“Are you ready?” Kayla asked.

“Not hardly. How’d you get your stuff so fast?”

Kayla just laughed. “You should let me do up your locker for you.”

“You’d have to do it every week. I’ll just make a mess again.”

“Why don’t you hang any pictures up? Or even some of your drawings? Those would be really cool,” Kayla said.

Rebecca bent over and dug around on the floor of the locker, underneath a pile of folders. She pulled out a bent and broken corkboard. “Because everything breaks. I don’t even know where the pins are for this. Polly bought me some cute cat pins and they’re somewhere.”

“You should just throw that away.”

“Here, throw it away.” Rebecca shoved it at her friend.

Kayla took the three steps to a trash can and lifted the corkboard high, then let it drop. “See how difficult that was?”

Rebecca looked down at Andrew, still standing beside his locker. He was doing his best to ignore them. He spoke to some of the boys who were putting coats on, but kept a steady eye on what she and Kayla were doing.

“What did he do to you?” Kayla whispered. “Did he say something stupid? Are you guys breaking up?”

“No. He didn’t say anything stupid and we aren’t breaking up.” Rebecca kicked the bottom of her locker. “I hate this thing. I can’t find anything in here.”

“You really should let me clean it out for you. I could at least get you organized,” Kayla pleaded.

“I’m just going to throw everything away.” Rebecca bent over and picked up a stack of paper.

When she started toward the trash can, Kayla jumped in front of her. “No. You’ll be mad if you throw away some of your drawings. And there might be pictures in there and some of your stories.” She pulled out a piece of music. “And was this supposed to be turned in before Christmas.”

“They don’t care.”

“Yes they do. I was in the band room when Lisa and Sheena were sorting things. They were missing a bunch of parts. How are we supposed to play that again?”

“Then take it back.”

Kayla held onto it. “I will. Is there more in there?”

“Here.” Rebecca held out the stack, waiting for Kayla to extend her arms. When she did, Rebecca pushed everything at her friend. “You do whatever you want with it. Throw it out, color on it. I don’t care. Just get it out of my sight.”

“Why are you in such a bad mood?” Kayla asked, following Rebecca back to her locker. “What did Andrew do?”

“Who said he did anything?”

“I said. You only get like this when you and him are fighting.”

Rebecca shot a glance down the hall, turned her back on Andrew and bent into her locker. “It’s embarrassing when he gets all lovey-dovey,” she said in low tones, checking the hallway around them. Most of the kids were gone by this point. “I don’t want people teasing us because he’s always trying to sit beside me or…” she kicked the bottom of the locker again. “Whatever.”

“I wish I had a boyfriend try to get all lovey-dovey with me,” Kayla said. “You’re lucky. You shouldn’t be mean to him. What if he breaks up with you because you aren’t very nice.”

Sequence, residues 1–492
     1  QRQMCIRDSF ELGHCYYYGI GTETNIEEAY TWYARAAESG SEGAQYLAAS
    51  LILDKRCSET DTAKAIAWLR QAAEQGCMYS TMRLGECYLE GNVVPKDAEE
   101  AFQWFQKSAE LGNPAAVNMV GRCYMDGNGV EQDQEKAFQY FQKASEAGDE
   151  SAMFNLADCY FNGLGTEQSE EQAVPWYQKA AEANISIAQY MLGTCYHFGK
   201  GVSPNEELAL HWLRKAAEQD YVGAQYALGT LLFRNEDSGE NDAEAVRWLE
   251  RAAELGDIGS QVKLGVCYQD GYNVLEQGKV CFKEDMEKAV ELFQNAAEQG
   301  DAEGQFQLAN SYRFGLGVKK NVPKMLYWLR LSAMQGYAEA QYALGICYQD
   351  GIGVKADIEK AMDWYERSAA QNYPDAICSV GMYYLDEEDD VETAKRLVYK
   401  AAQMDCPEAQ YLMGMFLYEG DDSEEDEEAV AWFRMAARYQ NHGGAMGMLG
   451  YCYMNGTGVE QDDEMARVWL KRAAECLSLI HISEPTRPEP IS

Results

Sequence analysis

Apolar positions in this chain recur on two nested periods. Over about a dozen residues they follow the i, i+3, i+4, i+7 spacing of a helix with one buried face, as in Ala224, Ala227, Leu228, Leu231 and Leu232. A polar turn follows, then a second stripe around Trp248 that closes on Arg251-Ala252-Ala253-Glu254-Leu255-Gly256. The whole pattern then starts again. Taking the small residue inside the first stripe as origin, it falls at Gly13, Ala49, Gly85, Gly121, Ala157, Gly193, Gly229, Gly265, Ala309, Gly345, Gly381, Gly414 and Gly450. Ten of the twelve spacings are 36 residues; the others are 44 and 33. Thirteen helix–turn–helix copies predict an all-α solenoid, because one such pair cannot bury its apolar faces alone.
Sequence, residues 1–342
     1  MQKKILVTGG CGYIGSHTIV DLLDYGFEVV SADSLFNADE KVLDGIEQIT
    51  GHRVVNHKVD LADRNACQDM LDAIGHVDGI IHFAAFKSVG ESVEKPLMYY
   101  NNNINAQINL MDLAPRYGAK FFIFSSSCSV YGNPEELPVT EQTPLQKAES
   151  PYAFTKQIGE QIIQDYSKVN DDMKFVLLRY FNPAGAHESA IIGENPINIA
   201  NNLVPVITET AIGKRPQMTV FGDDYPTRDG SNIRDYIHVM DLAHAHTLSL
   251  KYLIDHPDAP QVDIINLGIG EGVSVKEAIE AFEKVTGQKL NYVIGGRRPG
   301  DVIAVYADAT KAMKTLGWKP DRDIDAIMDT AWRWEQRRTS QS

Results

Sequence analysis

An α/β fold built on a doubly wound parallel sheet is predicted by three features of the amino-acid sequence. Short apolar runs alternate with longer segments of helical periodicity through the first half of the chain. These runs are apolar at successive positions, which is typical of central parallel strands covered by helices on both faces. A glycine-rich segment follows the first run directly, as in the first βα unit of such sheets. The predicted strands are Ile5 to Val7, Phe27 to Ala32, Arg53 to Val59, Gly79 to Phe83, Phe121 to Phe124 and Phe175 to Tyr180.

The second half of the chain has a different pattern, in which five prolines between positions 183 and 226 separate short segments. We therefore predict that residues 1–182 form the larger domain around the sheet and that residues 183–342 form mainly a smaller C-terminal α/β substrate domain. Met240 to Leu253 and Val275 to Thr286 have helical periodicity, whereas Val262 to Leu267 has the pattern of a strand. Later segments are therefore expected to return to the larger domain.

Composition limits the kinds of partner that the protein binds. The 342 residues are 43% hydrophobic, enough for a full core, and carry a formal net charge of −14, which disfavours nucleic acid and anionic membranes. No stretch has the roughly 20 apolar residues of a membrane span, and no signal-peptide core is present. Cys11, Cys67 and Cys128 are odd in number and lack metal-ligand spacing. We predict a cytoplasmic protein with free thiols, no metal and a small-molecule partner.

“I’d still have you,” Rebecca said.

Kayla didn’t respond, but looked down at the stack of papers in her hands.

“I’m mean to you, too. Is that what you’re thinking?” Rebecca asked.

Shaking her head very slowly, Kayla just smiled at her friend. “You’re never mean. Just a little volatile.”

“Where did you get that word?”

“Stephanie’s word-of-the-day calendar at home.” Kayla laughed and then looked worried. “But I didn’t think of you when we talked about it the word at breakfast. I promise.”

Rebecca took the stack of papers back from Kayla and jammed them into the bottom of her locker. “You can fix this up if you want,” she said. “But not tonight. Everybody else is gone. We should go.”

“Are you taking this?” Kayla asked, holding out Rebecca’s sketchbook.

“Yeah, I better.” Rebecca pulled her coat on, slung the backpack over her shoulder and then took the sketchbook from Kayla. She reached back into her locker and picked up her pencil case and kicked the door shut. “We’re leaving, Andrew. Are you coming?”

He trotted down the hall toward them. “Are you going to be mad at me all night?” he asked.

“I’m not mad,” Rebecca responded. She shook her head when she caught him giving Kayla a look. “I’m not,” she repeated. “Let’s just go.

They walked out of the front door of the school and she shivered as they hit the cold air.

“It’s cold,” Andrew said. “Let me hold your hand.”

Rebecca held up her hands, one with the sketchbook and the other with the pencil holder. “I have stuff in my hands.”

“You could put it in your backpack.”

Kayla laughed. “No she can’t. There’s no more room. Will you let me clean that out sometime, too?”

“At least let me button up your coat for you,” Andrew said.

“Fine.” Rebecca stopped in the middle of the street, planted her feet and turned to face him. “Button my stupid coat.”

“It’s really hard work being your boyfriend,” Kayla said. “He needs a medal.”

Rebecca watched her two friends try hard not to laugh and she shook her head. “I’m high maintenance?”

Andrew and Kayla looked at each other and then turned to look at her, innocence pasted on their faces.

“Of course not,” Andrew said.

Kayla spoke over him. “Not all the time.”

“But I don’t want to be high maintenance. I hate high maintenance girls.” Rebecca slumped her shoulders in defeat. “I’m sorry. You guys are my best friends. Here.” She handed the pencil holder to Andrew.

He took it and frowned at her until she held her hand out. “Oh.” Andrew smiled and took it in his.

“But just until we get to the highway,” Rebecca said. “I don’t want Polly to see it.”

He nodded. “This is good enough.”